Our annual list of winners and short list honorees includes authors well known and new, publishers big and small, and works from across the speculative spectrum.

Nominations are open until April 15, 2009, and our judges wll begin reading and discussing all nominated works beginning shortly thereafter. Awards will be announced in October at Gaylaxicon 2009 in Minneapolis.

To nominate: http://www.spectrumawards.org/nomform.htm
For more info: http://www.spectrumawards.org/

We hope to see your nominations!

- Rob Gates
Gaylactic Spectrum Awards

Ponzi Earth

Today I found two excellent articles which sum up what we are doing to the Earth:

We're Running Our World Like a Ponzi Scheme!
Our world-wide Ponzi scheme got its start with the industrial revolution in Western Europe, and it was colonialism that provided ever increasing sources for the raw materials and markets that kept this giant Ponzi scheme rolling. It spread to America with the colonial takeover of vast untapped resources and huge tracts of lands previously occupied by Native American hunter-gatherers. As America industrialized, its population grew and its resources were drawn down, the giant Ponzi scheme continued to grow through globalization and it continued to feed its ever growing appetite by drawing down the natural resources in the world's oceans, forests, and more remote areas, and by expanding it markets into the farthest reaches of the globe. We are witness to a five hundred year run on this giant ever-expanding global Ponzi scheme, and unless we change the way we are playing this game, that run is now drawing dangerously close to a natural and catastrophic conclusion.

This demonstrates why the "infinite, unrestricted growth" scenario of pure capitalism is doomed to failure. We should work on creating a more sustainable system while we still have the time and resources to do that. Ponzis are ugly when they implode.

Antarctic Ice Shelf In Peril as Bridge Snaps
The Wilkins Ice Shelf in Antarctica is in the final stages of collapse and scientists are concerned the event shows climate change is happening faster than previously thought.    An ice bridge, up to 40 kilometres long but at its narrowest just 500 metres wide, was thought to be holding the giant shelf to the Antarctic continent, but it recently snapped.    From above, parts of the Wilkins Ice Shelf now look like giant panes of shattered glass.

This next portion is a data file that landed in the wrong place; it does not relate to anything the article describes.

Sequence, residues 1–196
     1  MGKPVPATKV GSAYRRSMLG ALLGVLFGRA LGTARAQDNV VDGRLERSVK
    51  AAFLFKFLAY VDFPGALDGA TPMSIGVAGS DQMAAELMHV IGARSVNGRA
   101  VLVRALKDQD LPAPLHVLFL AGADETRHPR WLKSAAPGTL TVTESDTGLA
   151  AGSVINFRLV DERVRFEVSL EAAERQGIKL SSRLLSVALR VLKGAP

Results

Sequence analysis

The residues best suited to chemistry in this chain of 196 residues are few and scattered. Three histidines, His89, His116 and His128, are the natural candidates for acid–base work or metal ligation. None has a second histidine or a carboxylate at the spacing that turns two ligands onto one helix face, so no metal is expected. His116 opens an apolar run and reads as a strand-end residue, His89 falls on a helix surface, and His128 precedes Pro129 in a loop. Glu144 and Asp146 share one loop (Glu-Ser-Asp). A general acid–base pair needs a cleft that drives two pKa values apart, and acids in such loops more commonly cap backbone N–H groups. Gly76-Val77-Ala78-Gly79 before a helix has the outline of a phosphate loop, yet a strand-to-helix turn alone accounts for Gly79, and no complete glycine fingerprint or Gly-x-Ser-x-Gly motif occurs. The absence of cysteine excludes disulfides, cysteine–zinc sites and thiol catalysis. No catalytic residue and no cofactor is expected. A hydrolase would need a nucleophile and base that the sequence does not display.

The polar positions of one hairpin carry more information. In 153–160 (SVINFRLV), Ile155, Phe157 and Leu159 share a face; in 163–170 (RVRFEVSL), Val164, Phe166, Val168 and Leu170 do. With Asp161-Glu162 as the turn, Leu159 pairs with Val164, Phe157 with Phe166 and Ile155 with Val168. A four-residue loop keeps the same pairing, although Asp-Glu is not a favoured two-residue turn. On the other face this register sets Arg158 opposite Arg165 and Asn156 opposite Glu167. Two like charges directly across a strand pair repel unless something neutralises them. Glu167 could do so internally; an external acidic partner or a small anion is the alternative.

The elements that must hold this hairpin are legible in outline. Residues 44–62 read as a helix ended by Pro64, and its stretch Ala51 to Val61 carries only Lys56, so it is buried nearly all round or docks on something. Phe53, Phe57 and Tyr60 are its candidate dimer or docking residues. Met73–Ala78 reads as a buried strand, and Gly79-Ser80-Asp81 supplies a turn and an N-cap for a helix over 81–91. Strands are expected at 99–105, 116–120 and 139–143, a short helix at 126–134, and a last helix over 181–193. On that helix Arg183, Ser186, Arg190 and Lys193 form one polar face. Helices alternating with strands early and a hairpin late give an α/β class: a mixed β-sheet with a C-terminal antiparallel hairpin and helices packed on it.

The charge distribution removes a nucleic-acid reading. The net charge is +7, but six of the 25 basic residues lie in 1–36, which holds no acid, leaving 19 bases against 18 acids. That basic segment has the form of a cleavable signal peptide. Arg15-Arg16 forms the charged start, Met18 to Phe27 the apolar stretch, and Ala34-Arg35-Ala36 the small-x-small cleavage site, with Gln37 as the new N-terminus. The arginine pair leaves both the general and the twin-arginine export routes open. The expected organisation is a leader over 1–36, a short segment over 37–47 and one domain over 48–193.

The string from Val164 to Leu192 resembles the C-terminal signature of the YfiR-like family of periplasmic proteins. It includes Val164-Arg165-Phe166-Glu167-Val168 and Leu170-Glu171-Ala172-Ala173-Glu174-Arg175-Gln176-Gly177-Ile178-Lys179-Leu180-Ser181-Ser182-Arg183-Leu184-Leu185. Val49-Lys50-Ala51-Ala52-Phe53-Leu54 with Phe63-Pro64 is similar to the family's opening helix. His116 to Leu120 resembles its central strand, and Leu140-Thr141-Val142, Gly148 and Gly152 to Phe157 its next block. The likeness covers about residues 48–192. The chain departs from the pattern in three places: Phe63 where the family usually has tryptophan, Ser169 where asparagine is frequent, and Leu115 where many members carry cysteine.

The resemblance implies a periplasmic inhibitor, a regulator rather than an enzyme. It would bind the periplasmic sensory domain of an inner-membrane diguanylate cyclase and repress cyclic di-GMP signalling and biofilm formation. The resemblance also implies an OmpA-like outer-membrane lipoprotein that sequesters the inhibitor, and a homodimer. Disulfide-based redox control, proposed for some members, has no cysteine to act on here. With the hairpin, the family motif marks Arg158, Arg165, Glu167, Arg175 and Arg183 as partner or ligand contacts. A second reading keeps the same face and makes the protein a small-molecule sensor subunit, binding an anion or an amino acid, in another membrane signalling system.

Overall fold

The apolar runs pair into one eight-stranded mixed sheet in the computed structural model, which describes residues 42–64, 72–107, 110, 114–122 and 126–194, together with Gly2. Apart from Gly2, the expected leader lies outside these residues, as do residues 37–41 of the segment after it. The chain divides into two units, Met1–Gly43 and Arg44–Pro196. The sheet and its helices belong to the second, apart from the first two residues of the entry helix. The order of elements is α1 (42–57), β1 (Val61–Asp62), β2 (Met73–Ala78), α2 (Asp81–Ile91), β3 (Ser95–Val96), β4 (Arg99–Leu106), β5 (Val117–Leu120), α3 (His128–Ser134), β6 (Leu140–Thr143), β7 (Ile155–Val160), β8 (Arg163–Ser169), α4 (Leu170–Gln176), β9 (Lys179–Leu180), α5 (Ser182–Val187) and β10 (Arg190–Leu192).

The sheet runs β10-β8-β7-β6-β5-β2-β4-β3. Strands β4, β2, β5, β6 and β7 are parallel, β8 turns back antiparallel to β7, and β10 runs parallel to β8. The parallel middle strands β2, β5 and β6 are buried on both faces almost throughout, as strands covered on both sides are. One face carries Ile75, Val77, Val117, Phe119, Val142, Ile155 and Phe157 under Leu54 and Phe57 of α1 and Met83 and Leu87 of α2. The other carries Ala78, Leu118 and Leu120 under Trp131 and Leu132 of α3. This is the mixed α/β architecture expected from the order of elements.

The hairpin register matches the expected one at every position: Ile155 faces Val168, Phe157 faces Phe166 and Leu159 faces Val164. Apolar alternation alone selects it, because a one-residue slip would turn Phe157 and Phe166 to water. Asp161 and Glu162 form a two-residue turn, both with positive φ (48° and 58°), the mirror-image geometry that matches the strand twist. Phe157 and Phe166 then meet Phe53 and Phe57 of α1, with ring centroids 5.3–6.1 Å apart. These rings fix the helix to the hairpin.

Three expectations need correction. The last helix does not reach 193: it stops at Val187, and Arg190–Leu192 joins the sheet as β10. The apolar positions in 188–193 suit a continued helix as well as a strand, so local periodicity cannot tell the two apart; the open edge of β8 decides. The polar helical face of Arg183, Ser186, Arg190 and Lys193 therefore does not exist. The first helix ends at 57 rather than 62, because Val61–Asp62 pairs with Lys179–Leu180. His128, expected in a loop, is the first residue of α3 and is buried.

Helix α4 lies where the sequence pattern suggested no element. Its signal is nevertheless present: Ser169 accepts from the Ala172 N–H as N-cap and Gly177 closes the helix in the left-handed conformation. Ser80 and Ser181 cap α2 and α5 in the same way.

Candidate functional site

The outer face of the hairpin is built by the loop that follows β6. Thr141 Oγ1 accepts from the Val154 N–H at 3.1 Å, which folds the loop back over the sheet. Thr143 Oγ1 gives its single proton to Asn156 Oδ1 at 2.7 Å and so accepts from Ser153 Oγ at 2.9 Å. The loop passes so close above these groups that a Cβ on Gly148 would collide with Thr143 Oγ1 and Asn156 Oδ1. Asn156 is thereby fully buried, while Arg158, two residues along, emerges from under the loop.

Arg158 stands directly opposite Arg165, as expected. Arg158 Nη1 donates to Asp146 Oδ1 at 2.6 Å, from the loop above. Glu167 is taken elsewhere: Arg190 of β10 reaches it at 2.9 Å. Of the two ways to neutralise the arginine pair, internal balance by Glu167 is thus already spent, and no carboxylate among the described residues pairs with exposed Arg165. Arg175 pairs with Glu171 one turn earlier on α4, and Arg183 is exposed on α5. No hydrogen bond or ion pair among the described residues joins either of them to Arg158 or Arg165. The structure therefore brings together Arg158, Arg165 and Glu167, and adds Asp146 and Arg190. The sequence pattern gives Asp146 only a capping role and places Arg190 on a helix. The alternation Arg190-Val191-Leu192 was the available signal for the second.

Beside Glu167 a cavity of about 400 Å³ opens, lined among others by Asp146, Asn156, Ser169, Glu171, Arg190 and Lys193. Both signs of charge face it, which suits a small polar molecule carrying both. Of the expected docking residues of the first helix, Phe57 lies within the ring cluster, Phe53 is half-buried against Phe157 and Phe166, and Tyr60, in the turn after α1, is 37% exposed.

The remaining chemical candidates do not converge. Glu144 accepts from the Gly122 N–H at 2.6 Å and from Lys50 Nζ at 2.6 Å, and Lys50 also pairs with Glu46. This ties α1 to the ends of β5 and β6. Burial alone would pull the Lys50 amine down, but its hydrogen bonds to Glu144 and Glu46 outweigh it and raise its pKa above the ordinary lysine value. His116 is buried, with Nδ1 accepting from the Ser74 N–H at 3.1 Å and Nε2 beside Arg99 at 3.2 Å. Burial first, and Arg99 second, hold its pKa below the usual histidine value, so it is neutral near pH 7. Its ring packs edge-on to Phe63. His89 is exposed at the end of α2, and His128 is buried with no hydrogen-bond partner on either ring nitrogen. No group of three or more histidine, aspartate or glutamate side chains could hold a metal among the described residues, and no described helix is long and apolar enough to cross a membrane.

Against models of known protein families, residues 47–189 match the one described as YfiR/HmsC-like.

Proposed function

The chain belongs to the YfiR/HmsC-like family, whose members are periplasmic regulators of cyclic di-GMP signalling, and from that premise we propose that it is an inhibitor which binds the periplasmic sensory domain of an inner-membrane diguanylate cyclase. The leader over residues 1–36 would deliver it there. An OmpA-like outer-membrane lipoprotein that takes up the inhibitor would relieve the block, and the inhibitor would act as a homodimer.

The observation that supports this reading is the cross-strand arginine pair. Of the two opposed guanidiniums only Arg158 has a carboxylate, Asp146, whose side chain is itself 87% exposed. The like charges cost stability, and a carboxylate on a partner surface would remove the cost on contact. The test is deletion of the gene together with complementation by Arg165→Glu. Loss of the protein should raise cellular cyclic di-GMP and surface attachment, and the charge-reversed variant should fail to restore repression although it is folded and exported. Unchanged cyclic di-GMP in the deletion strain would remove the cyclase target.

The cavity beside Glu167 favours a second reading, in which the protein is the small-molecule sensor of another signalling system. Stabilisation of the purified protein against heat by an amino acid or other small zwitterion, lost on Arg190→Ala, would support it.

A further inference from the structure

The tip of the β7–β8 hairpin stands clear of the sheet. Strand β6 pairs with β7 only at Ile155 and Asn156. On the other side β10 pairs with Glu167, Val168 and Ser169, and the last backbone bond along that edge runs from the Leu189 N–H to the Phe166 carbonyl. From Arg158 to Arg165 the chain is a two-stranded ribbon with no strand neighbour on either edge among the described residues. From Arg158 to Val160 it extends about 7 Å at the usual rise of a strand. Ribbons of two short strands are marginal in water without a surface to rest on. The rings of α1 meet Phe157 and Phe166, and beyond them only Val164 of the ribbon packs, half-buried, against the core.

The reason for extreme concern when major ice masses break is the surface-to-mass ratio. That means a smaller mass of ice melts much faster than a larger mass, because more is exposed to air and water warmer than the ice itself. See for yourself: take two ice cubes, hit one with a hammer, then drop each into a glass of water. Observe how much faster the broken one melts. This is what we are doing to our ice caps: hitting them with a big hot hammer. We really need to stop doing that before we all melt.

Go Watch the Watchers

I've noticed that I get good blog traffic on Gaiatribe when I post about specific bills, because that's something people search for. So I went looking for sites or services that would alert me to bills in my interest areas. I think Govtrack will do what I want. It lets you pick which topics, politicians, committees, regions, etc. you want to track. That creates a tracking page that updates itself when there is new activity in your interests. You can also sign up for daily or weekly email alerts.

This is a nonpartisan site, useful to all American citizens. Those bozos in Washington are supposed to work for you. Go look over their shoulders and remind them of that.